Here is one example:
She does worry about inflation just as many of my readers. Well, according to VD (not that I agree with him on everything, mind you!) it won't cause inflation, but rather vice versa:
Most money is debt and it comes from nowhere. It is not printed by the government, it is literally created from nothing when a loan is taken out. This is inflationary. When a loan is cancelled, forgiven, or written off, the debt literally vanishes. This is deflationary, since it reduces the amount of money in the economy.
If the loan is paid off, either by the debtor or by a third party, then no money leaves or enters the system. It is a neutral action. If interest is paid on the loan, this is mildly inflationary but trivial at current interest rates.
I read lots of discussions on this topic, on Gab and otherwise. Those who can't pay their loans are often called freeloaders and worse who don't bother to work and prefer to scrounge off the system. Yet, many of them have been working and paying for years but can't keep up with interest, as this lady mentions in the comments on the vid above:
Been watching my mom struggle to pay her student loans down for 27 years. Been trying to pay mine down for 7. The interest is what gets people. It is an incredibly predatory system.
I'm sorry but does it sound like a normal situation to you? I remember one guy on Gab said that he signed for interest free loans which then were transferred to another company and suddenly he had huge interest. Usury is literally a sin in Christian religion, something many modern Christians seem to have forgotten.
Again, to quote Vox:
Don’t forget the Parable of the Unmerciful Servant either.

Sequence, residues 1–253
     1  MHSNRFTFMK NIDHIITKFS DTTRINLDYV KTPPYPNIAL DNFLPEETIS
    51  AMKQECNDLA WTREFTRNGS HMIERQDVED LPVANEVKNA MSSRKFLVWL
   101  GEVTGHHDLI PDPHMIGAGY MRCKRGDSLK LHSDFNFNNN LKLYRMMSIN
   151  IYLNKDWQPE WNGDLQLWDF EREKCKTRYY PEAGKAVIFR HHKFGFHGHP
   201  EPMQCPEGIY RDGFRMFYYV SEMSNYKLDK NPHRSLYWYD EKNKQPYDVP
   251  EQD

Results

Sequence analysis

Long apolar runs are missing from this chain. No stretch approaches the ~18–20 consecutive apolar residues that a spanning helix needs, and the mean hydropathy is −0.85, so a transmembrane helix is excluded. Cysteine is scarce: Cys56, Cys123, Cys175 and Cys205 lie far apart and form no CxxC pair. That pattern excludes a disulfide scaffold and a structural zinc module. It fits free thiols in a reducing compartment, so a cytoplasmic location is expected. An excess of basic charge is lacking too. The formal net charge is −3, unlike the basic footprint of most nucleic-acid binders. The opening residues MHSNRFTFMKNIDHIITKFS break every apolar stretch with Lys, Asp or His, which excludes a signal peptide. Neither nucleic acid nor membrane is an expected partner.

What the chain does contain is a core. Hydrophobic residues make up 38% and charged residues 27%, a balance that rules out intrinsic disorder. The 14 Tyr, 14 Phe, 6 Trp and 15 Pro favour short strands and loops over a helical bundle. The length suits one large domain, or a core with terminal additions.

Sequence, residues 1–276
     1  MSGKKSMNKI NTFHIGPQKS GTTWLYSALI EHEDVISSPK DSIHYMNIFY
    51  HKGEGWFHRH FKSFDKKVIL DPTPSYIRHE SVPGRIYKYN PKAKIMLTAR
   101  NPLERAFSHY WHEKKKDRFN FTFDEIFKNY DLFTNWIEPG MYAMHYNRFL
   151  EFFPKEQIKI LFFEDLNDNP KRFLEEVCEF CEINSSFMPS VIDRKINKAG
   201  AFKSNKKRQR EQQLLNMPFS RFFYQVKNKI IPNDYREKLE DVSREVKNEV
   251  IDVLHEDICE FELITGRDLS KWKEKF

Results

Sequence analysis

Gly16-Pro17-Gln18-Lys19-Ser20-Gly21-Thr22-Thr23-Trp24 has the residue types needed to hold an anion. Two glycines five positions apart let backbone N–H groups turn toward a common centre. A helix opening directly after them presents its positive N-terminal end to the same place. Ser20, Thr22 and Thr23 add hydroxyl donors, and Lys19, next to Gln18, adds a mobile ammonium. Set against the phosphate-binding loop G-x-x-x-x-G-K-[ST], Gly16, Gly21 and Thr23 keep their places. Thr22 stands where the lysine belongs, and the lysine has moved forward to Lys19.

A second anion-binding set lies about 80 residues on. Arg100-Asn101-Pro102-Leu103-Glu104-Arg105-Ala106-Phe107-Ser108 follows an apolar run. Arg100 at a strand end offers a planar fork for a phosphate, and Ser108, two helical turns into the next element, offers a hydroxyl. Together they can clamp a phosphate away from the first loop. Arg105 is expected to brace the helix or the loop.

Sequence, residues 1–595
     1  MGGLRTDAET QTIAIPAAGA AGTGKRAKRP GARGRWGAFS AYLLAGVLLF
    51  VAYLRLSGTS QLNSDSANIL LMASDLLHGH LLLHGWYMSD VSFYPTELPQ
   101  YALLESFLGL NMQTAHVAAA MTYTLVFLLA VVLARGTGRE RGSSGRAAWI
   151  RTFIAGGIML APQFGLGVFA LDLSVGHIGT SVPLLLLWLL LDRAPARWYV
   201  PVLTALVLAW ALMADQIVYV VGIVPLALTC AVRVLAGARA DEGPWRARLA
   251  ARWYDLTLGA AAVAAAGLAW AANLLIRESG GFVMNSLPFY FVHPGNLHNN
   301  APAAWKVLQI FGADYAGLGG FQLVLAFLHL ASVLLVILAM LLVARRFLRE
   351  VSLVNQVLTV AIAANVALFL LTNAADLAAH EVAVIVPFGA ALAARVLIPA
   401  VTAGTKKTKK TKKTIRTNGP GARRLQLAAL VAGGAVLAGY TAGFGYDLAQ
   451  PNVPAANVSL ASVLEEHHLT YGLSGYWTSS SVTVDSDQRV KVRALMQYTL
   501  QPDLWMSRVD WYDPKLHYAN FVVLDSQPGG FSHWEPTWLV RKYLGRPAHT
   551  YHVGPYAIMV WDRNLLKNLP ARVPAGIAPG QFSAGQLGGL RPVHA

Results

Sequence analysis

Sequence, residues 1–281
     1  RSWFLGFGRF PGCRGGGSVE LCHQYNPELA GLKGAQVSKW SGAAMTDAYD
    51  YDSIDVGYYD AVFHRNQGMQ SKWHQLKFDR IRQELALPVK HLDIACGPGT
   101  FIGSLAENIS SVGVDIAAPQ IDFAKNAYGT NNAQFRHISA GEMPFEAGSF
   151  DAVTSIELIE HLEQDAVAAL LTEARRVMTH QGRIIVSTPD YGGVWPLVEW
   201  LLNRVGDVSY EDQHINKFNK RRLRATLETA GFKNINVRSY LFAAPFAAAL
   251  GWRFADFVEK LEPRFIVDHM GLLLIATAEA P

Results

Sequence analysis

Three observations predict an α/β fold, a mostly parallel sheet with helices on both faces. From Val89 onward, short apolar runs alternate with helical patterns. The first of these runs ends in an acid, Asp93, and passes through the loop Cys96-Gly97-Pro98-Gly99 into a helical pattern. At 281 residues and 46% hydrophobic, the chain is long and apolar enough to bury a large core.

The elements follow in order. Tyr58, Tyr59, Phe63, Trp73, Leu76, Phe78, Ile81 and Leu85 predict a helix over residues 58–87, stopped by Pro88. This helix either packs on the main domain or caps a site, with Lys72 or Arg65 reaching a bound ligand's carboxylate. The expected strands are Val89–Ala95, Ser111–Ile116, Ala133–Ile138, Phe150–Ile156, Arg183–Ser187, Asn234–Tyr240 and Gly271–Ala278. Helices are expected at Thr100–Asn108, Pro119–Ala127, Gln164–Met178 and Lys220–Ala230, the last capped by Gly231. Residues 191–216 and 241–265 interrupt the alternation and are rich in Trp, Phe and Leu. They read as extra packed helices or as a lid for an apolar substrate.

Then the master called the servant in. ‘You wicked servant,’ he said, ‘I canceled all that debt of yours because you begged me to. Shouldn’t you have had mercy on your fellow servant just as I had on you?’ In anger his master handed him over to the jailers to be tortured, until he should pay back all he owed.
He is quite passionate on the subject and I will admit it's him who persuaded me it is a good thing, though I don't share his hatred of the Boomers. He is right to attack what he perceives as "conservatives' egoism" though:
All right, I’m exaggerating. We didn’t actually pay for school. Our daddies did. See, that right there, that’s grit, that’s what that is. The Boomers are right. Just stop whining and do what I did. It wasn’t hard at all.
But it’s still unfair! How will WE benefit from a student loan debt jubilee? Why isn’t anyone thinking about ME and MY compensation? I mean, how can I possibly benefit from the housing market not completely collapsing because 45 million of the most educated people in America can’t qualify for a mortgage? What good is it to me if 45 million people suddenly have the ability to save money for the first time in their lives? I mean, it’s not as if savings = investment, or that I is a core component of Gross Domestic Product, right?
Also check this one:
I find it interesting that many of these Gab users who are so vehemently against government handouts to the poor hardly say anything when it's the banks, big corps or foreign countries who are beneficiaries (though it has been changing lately). They also will decry men like Soros using their money to interfere with politics but will support tax cuts for the super-rich to the death. Where is logic in all that?